Indiana Continues to be National Leader in Computer Science Education


In his State of the State address this week, Indiana Gov. Eric Holcomb affirmed a deep commitment to providing all Hoosier students with access to critical computer science opportunities in their schools.

“I’m proud that Indiana is a national leader in computer science education. Every Hoosier student needs an education infused with STEM subjects, critical thinking skills and the intellectual curiosity that prepares them for lifelong learning,” Gov. Holcomb said. “From 2016 to 2017, the number of Hoosiers with a STEM-related bachelor’s degree grew a healthy 8 percent, but we can and must do more.”

Holcomb included $3 million for each of the next two years in his 2019-20 budget proposal.

The Indiana Department of Education announced last week that the state had become only the third in the nation to implement all nine policies of’s Advocacy Coalition. Arkansas and Idaho have also implemented the policies.

“Indiana has long been a leader in education reform, and I applaud Governor Holcomb for making computer science a top priority and ensuring all Hoosier students have access to this critical field of study,” said Governor Jeb Bush, chairman and founder of the Foundation for Excellence in Education. “The digital world we live in today is moving at warp speed. It demands that we prepare all students, regardless of their field of interest, with fundamental skills in computer science, ensuring they build skills in logic, problem solving and creativity. I hope other states follow Indiana’s lead.”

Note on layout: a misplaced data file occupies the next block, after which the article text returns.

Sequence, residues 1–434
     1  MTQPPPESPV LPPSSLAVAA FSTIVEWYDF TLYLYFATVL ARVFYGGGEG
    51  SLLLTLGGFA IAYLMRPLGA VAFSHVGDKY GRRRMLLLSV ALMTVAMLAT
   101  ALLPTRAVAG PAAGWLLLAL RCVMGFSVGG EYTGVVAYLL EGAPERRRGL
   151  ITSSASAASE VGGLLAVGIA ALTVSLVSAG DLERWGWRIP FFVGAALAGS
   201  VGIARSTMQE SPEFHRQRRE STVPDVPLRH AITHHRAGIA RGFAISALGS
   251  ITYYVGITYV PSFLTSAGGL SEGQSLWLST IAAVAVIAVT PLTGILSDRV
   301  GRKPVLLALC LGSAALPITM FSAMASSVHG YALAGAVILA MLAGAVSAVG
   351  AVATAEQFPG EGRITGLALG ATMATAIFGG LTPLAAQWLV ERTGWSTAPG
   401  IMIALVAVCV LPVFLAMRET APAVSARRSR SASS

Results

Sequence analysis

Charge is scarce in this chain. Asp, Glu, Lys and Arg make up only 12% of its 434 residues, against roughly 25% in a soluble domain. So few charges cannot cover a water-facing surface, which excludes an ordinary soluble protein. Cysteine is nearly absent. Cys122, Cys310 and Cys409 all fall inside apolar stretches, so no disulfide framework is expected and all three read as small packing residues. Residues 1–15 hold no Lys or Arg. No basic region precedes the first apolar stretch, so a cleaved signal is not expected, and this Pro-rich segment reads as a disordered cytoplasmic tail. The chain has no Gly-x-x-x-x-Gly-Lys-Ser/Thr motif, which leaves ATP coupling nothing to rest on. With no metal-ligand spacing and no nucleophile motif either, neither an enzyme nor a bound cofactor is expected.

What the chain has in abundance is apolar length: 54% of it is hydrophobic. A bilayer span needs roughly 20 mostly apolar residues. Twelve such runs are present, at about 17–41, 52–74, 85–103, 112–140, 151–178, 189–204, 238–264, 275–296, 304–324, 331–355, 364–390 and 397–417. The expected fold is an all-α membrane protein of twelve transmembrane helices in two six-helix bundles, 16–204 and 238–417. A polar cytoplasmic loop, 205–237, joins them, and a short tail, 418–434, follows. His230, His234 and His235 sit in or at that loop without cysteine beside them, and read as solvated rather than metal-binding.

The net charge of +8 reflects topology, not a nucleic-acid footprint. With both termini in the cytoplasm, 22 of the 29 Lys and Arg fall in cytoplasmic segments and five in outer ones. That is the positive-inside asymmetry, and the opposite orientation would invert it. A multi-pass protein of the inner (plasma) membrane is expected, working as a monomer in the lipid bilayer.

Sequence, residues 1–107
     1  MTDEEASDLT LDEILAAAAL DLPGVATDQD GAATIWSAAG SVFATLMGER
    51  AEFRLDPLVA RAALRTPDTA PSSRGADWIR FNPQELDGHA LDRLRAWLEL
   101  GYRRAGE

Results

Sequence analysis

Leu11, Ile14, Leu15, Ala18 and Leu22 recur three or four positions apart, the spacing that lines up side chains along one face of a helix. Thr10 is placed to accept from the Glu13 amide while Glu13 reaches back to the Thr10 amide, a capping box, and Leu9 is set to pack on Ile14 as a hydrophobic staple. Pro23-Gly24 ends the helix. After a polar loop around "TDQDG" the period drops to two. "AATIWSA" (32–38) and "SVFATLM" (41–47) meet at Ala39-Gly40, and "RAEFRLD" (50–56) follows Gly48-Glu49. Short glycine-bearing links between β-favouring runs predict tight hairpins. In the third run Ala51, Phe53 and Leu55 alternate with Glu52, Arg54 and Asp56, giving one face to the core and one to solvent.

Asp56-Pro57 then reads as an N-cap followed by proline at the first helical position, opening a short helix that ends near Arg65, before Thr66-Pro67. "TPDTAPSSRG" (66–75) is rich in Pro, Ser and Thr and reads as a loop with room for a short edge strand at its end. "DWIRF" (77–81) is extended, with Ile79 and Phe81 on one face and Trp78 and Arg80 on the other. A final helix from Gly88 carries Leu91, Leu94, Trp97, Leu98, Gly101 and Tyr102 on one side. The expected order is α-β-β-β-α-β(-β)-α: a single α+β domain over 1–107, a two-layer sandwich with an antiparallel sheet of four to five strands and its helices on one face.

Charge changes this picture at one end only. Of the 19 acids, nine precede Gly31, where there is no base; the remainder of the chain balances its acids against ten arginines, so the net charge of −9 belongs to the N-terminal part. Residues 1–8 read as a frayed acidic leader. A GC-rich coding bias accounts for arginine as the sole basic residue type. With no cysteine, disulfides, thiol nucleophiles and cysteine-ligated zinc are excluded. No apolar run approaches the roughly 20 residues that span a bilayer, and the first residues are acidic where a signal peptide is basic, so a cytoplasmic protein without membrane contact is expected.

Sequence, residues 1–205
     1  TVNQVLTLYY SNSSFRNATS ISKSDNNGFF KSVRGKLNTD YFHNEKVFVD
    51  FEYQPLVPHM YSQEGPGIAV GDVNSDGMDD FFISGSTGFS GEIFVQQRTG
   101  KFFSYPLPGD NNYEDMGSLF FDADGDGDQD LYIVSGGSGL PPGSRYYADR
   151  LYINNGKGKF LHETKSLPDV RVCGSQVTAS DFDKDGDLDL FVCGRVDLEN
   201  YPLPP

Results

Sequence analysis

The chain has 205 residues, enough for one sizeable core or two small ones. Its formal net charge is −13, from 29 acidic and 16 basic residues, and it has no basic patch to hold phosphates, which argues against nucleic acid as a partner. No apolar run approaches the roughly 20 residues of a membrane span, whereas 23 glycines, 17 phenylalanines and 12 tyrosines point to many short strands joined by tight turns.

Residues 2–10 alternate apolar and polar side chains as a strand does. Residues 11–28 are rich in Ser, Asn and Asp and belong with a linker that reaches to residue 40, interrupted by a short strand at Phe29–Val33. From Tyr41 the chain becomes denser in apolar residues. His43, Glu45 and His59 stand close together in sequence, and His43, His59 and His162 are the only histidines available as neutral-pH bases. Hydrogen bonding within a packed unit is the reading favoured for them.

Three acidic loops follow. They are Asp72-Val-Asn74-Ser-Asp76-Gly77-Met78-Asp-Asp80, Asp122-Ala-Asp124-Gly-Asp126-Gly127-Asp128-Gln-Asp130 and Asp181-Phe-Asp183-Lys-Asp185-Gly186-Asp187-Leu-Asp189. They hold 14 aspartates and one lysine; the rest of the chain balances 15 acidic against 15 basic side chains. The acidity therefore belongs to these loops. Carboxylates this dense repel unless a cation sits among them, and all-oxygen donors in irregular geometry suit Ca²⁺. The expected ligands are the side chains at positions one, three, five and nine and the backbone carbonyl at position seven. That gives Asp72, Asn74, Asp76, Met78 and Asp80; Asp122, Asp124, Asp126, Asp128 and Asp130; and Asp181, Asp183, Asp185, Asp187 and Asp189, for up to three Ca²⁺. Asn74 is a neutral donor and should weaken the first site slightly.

“Indiana’s strong support for the tech sector and other 21st century growth industries, as demonstrated by Gov. Holcomb’s leadership, will prepare our students for success in schools, careers and in life,” said Allan Hubbard, board member of the Foundation for Excellence in Education. “With the strong support of Hoosier businesses and educators, our state can continue to be a great place to work, learn and live.”

Legislation passed last year requires all schools to have computer science curriculum in place by the 2021-22 school year. To ensure that students are learning what they need, has emphasized nine essential policies for states to adopt.

These policies include rigorous computer science standards, allocating funding targeted for teacher learning and support, dedicated computer science positions in district and state offices and allowing computer science to satisfy high school graduation requirements.

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